Fall 2019   


Global warming debates - a guided reading course


Instructor: Eli Galanti 


Monday, 9:15-11:00 - Magaritz seminar room, Sussman building                      TA: Ilai Guendelman



NEW! Four classes will be devoted to HANDS-ON-learning a mechanism controlling a global warming phenomenon. We will use Python for calculations; hence each student is required to install the latest Anaconda application on his/her computer. Please bring your laptops to class.





Week 01

(Nov 04)

Eli & Eli


Introduction (Hands-on learning)


Week 02

(Nov 11)

Dana & Tom


Sea level rise acceleration


Week 03

(Nov 18)

Eli & Eli


Hurricanes (Hands-on learning)


Week 04

(Nov 25)

Ichiko, Lior & Stav


Amazon forests dieback


Week 05

(Dec 02)

Ran, Ambikesh & Carmen


CO2 saturation


Week 06

(Dec 09)

Eli & Eli


Temperature (Hands-on learning)


Week 07

(Dec 16)

Emmanouil & Iris


Antarctic ice sheet instability


Week 08

(Dec 23)

Eli & Eli


Droughts (Hands-on learning)


Week 09

(Dec 30)

Rita & Yehonatan


Heat waves


Week 10

(Jan 06)

Eli & Eli


Ocean acidification (Hands-on learning)


Week 11

(Jan 13)

Yael, Hagar & Lital


Mountain glaciers


Week 12

(Jan 20)

Eli.W & Yuval


Jet waviness


Week 13

(Jan 27)

Ron, Yinon & Nitai


Ocean circulation failure


Week 14

(Feb 03)

Or & Jonathan





Overview & goals


Want to be an informed climate skeptic? Come learn from other people’s mistakes… This reading course seeks to provide an overview of the science of global change thorough a survey of current scientific debates. Topics (see below) are specifically chosen for their relevance, interest, and open-ended nature. No correct answer is likely to emerge, but we hope that you will become scientifically better informed regarding relevant climate topics. An initial list of topics is provided below, but this can be revised according to current events and student interests.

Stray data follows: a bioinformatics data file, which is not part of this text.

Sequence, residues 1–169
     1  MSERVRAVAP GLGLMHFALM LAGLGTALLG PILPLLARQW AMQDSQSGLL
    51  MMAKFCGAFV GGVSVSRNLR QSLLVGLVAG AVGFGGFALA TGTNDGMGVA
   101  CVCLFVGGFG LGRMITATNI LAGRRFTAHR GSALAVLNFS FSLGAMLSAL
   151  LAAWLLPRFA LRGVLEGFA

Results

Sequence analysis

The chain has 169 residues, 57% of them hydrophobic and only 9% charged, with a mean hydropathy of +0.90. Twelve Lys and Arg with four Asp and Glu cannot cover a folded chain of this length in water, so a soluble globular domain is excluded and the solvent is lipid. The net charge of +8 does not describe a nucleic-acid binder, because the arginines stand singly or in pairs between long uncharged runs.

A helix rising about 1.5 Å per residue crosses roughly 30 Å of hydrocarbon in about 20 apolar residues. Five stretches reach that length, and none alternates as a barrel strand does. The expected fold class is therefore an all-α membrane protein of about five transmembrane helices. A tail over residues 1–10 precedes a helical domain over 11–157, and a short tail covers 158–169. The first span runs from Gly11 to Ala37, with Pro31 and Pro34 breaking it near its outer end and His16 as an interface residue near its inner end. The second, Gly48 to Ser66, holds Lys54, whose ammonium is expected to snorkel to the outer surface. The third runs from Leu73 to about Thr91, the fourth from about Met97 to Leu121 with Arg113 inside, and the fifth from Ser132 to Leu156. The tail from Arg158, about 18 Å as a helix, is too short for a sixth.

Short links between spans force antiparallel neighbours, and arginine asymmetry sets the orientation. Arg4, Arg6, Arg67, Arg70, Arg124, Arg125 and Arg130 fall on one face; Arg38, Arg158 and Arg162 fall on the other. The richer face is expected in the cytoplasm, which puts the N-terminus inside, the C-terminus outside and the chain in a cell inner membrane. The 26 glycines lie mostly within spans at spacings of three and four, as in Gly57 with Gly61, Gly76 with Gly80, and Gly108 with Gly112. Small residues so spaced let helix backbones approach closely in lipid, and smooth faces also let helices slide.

Prerequisites: This is a basic introductory breadth course and should be accessible to all Weizmann graduate students.


Requirements: Apart from reading all assigned papers, students will be asked to prepare presentations on one or two of the topics to be covered during the course and based on the appropriate papers posted on the course web page, and lead a discussion during class. In addition, each student not part of the presenting group should turns in a half page position paper on each week subject. Finally, class attendance is mandatory.


NEW! About four classes will be devoted to HANDS-ON-learning a mechanism controlling a global warming phenomenon. We will use Python for calculations; hence each student is required to install the latest Anaconda application on his/her computer.


Position papers: If not part of the group making a full presentation in a given week, students are asked to bring a one-page position statement (12pt single space) to class based upon the assigned reading where the first part outlines the overall issue and the second provides an initial judgment on the topic.


Presentations: Please organize in groups of 2-3 for this purpose and choose subjects from the topics (see below) you would like to work on (keep in mind, it’s a first come first served base). Depends on the number of students, each group will work on one or two topics.